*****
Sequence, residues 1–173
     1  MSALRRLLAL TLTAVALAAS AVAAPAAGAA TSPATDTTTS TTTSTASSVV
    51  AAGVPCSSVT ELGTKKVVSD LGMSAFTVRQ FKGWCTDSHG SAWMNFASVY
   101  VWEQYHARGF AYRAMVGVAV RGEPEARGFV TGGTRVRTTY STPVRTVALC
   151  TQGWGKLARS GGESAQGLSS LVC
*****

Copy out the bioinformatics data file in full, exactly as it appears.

Sequence, residues 1–173
     1  MSALRRLLAL TLTAVALAAS AVAAPAAGAA TSPATDTTTS TTTSTASSVV
    51  AAGVPCSSVT ELGTKKVVSD LGMSAFTVRQ FKGWCTDSHG SAWMNFASVY
   101  VWEQYHARGF AYRAMVGVAV RGEPEARGFV TGGTRVRTTY STPVRTVALC
   151  TQGWGKLARS GGESAQGLSS LVC